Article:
Height: Width of Limpets Across Different Zones

Category: Statistics, Water
Last Updated: 20 Apr 2022
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Rocky Shore Ecology: Holbeck Beach This study was conducted to deduce whether the height to width ratio of limpets altered across the three main zones on the shore: upper, middle and lower. It was carried out on Holbeck Beach, North Yorkshire, where limpets were measured in all three zones using random sampling. We found a significant difference in the height to width ratio between the upper and lower shore and upper and middle shore. This is due to many factors, including the threat of desiccation and strong waves. Limpet Patelle VulgataRocky ShoreEcologyHolbeck Beach

Upper ShoreMiddle ShoreLower ShoreCallipers QuadrentRandom SampleDesiccation INTRODUCTION Common limpets, Patella Vulgata, are found, on rocky shores, wherever there is an area firm enough for attachment on rocks, stones and in rock pools. [1] The common limpet is commonly found on Holbeck shore in relatively high abundance. Patella vulgata are in the taxonomic group gastropoda, and the family acmaeidae. They are abundant on rocky shores of all degrees of wave exposure but a high density of seaweed makes it harder for the Patella Vulgata to attach itself to the rocks, so limpet density is reduced. 2] Patella Vulgata have the ability to use their mucus and their ‘foot’ to clamp down upon the rock with considerable force. This allows them to remain safely attached at all times, despite strong wave action and the threat of desiccation during low tide. When the limpet is fully clamped onto the rock it is almost impossible to remove them. The common limpet is a temperate species, so is found mainly across Europe, spread from Norway to Portugal. The grey conical shell of Patella Vulgata can reach a width of 6cm and height of 3cm with ridges radiating from the central apex.

The muscular foot of the limpet is usually a yellow colour and attached to the smooth interior of its shell. [3] Limpets graze upon algae, which grows upon the rocks where they live. They can scrape the algae with its radula (a tongue coated with many rows of teeth) as they slowly move across the rock surfaces. The Patella Vulgata always return to the same spot, known as the homing scar, before the tide withdraws. The shells grow to match the contours of the rock in order to form a strong seal, protecting them from desiccation and also predation.

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They find their way back to the same spot by using chemical cues, finding their own mucus track and following it back to their home point. [4] Limpets are the prey of a variety of creatures, including seals, fish, shore-birds, starfish and humans. The limpets have two defences: fleeing or clamping down to the rock. They can determine which would be the most effective by detecting chemicals in the environment. Patella Vulgata have the general lifep of 10 years but this can be drastically changed by the rate of growth. If there is an excess of food, the limpets grow exceedingly quickly but generally only live for around 3 years.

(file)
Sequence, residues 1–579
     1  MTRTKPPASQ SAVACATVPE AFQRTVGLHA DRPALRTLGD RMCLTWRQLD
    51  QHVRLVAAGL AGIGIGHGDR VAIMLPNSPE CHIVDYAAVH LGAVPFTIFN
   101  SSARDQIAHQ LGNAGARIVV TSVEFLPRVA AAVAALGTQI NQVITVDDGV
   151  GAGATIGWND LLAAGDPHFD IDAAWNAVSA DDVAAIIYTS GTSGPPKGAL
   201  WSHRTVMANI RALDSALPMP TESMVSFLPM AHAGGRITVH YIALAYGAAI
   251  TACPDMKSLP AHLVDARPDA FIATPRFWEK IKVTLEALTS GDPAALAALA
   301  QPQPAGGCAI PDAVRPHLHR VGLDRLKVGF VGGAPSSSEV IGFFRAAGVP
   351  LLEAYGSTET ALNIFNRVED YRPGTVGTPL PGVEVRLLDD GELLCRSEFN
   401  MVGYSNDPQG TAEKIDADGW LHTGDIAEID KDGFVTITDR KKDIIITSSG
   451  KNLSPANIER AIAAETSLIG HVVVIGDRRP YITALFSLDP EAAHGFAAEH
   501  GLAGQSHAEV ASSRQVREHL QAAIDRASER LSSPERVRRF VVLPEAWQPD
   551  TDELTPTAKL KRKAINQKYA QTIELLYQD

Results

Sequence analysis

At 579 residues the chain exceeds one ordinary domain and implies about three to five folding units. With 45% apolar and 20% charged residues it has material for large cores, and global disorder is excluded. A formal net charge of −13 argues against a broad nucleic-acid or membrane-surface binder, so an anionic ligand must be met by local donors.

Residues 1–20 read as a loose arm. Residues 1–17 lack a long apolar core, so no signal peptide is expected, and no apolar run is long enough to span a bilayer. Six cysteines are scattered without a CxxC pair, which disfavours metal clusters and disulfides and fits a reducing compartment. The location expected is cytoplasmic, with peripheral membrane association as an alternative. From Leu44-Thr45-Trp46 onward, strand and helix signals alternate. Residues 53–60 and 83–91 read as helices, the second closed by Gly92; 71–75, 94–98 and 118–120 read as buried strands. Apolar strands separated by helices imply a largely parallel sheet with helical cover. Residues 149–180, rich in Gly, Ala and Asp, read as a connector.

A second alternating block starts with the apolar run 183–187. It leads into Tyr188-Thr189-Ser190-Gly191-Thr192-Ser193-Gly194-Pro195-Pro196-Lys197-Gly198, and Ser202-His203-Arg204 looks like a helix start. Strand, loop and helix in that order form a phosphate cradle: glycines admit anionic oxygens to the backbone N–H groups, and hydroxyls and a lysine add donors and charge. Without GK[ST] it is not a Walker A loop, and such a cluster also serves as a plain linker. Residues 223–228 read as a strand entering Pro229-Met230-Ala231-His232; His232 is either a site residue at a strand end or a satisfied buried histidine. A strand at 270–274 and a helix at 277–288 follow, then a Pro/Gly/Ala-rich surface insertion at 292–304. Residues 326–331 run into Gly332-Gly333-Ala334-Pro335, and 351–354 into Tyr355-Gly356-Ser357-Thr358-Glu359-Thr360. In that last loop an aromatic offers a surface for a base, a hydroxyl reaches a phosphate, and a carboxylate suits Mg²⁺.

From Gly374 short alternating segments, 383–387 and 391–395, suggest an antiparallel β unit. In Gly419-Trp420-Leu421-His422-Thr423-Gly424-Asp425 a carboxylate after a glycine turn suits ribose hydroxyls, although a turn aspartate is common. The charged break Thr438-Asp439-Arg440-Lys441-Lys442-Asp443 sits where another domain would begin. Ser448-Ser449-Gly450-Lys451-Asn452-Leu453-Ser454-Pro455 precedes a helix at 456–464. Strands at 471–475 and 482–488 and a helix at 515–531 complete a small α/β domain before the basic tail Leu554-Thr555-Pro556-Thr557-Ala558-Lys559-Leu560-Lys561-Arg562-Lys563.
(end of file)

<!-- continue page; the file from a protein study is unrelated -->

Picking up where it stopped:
However, if food is sparse, limpets usually grow very slowly but can live up to 20 years. [5] Patella Vulgata are hermaphrodites and undergo a sex change during their life. At around 9 months they mature as males, but after a couple of years they change sex and become female. Spawning occurs annually, usually during the winter months as it is triggered by rough seas, which disperse the eggs and sperm. [6] The larvae has a pelagic life of about 2 weeks and then settles on rocks at a shell length of about 0. 2 mm, usually in rock pools or areas that are constantly damp. HYPOTHESIS

Our hypothesis states that there will be a difference in the height to width ratio of limpets on different parts of the beach: lower, middle and upper. The null hypothesis states that there will be no difference between the height to width ratio of limpets on different parts of the beach: lower, middle and upper. METHOD We visited an exposed rocky shore at Scarborough in order to deduce whether the height to length ratio of limpets changed across different zones of the shore. Initially, we had to identify the different area of the beach and we did this by using different types of seaweed and levels of diversity as an indicator. 7] The upper zone, also known as the high tide zone, does not have enough water to sustain large amounts of vegetation. [8] The predominant organisms are anemones, barnacles, hermit crabs and limpets. The rock pools in this area are inhabited by large seaweed and small fish. The middle shore, or middle tide zone, is submerged by water for approximately half of the cycle. This means that there is the capability to support much more marine vegetation, specifically seaweeds. The organisms found there are more complex and larger in size than further up the shore. 9] The rock pools can provide a suitable habitat for small fish, sea urchins, shrimps and zoo plankton. This area is more diversified than the upper shore. The lower shore, or low tide zone, is mostly submerged underwater. The most noticeable difference of this sub-region is the large diversity of different types of seaweeds. Organisms found in this zone are generally less adapted to periods of dryness. The creatures are generally the largest and most complex organisms on the shore as there are more sources of food as marine vegetation flourishes.

The way that we sampled was random, meaning that every point is equally likely to be selected, and selection of one point does not change the probability of including any other point. [10] Once we had deduced the zones, we picked a random point in the zone, which was always the origin, and used a random number chart to decide how we far would walk before putting down the quadrant. We then measured the height and width of all the limpets inside the quadrant. In order to measure the limpets accurately we used a set of callipers; the callipers were positioned from the posterior end of the shell to the anterior.